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© Doublespace photography


Location: Toronto, ON, Canada Project Completion: Fall 2018 Design Team: Michael Amantea and Melissa Ng Collaborators: Planting Plan with Tina McMullen Landscape Architecture and Engineering by Blackwell Structural Engineers Contractors: Landscape by Coivic Contracting Ltd. and Pavilion by Neit Outdoors  Photographer: Doublespace Photography


Amantea Architects modernizes a rich and casual urban residential landscape with a Mondrianesque composition of carefully programmed spaces.

The landscape of a single-family home in the city’s Forest Hill neighbourhood has been transformed by Amantea Architects of Toronto. The Architects have simplified the progam while maintaing its lush and layered character. This design project comprises an entirely redesigned backyard including patio, dining terrace, swimming pool, sport lawn and pavilion- all efficiently programmed within a 560 sq.m. space, as well as a new front garden and entryway.

The exterior project began with Amantea’s association on an extensive renovation of the primary residence, led by Toronto firm Reigo & Bauer. The client chose to preserve elements of the existing landscape—notably the mature trees along the rear garden, which add to the backyard’s leafy seclusion—while extending the material palette and language of the house’s now-modern interior.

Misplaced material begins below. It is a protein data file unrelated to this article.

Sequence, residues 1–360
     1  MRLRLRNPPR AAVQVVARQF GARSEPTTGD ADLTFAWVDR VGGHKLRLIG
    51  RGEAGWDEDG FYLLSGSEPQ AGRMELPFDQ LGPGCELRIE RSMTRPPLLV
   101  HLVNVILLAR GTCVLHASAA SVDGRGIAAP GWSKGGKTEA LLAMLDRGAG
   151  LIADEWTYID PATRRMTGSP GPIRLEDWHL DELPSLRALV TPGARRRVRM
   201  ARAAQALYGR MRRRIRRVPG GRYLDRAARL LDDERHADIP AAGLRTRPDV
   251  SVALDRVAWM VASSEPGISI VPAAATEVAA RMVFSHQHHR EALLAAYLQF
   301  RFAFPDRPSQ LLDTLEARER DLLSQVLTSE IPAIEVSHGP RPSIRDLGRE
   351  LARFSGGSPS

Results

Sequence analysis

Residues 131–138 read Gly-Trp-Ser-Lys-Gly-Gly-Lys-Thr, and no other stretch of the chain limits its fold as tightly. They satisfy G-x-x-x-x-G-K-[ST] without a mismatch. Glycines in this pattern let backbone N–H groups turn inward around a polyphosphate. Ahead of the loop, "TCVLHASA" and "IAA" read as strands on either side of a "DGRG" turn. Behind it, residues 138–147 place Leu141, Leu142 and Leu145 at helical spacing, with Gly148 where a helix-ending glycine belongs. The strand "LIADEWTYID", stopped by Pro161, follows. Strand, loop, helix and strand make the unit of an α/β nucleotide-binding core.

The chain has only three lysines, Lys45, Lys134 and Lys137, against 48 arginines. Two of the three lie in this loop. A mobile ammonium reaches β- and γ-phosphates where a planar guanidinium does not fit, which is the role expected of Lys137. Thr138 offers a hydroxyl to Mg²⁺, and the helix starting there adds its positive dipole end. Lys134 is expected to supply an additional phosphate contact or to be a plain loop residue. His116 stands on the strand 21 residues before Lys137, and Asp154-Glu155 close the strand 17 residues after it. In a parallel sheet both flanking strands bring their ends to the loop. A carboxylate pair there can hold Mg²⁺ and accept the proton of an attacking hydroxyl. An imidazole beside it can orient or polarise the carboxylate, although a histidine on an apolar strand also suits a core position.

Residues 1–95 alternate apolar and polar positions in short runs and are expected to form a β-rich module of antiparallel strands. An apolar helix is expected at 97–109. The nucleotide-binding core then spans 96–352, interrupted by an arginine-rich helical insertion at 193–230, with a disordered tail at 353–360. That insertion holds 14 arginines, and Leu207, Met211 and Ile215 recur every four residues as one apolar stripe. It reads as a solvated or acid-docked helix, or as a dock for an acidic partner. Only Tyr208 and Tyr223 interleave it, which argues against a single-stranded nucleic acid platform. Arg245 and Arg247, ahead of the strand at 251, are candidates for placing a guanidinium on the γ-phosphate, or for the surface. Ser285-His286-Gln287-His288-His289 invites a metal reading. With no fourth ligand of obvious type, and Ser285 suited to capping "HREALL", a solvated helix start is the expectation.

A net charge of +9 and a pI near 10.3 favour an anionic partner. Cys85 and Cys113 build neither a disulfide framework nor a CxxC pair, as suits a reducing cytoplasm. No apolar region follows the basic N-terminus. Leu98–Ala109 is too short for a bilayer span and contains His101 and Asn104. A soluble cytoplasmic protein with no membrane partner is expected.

The landscape’s focal point is a new 47-square-metre pavilion spanning approximately the entire width of the backyard and advanced as close to the rear property line as permitted. Hovering above native grade on piers to alleviate its impact on the adjacent trees, the pavilion’s linear form is configured to preserve the prevailing vegetation. Clad in black to contrast with the surrounding foliage while visually receding into the background, the pavilion functions like a screen, creating the illusion of boundless space beyond. The house-facing elevation is an assembly of vertical cedar battens that gradually progress from wide and shallow at the building’s ends, which house storage and mechanical, to narrower, deeper and more broadly spaced at its centre. The resulting moiré-like effect is specially striking at night when the pavilion is lit up like a lantern, with warm light filtering through its screen and full-height translucent glass walls.

These glass panels admit ample daylight, reducing the need for artificial lighting while still providing visual separation; after dark, daylight is supplemented with tunable LEDs integrated into the ceiling. The pavilion’s core, finished with a warm and natural palette of marine-grade ply with cedar veneer and oiled cedar boards, is turned over to a washroom, a change room and a shower next to an opening in the roof that frames a birch tree and a view of the sky—zones deftly partitioned yet open to the surrounding landscape and pool activity.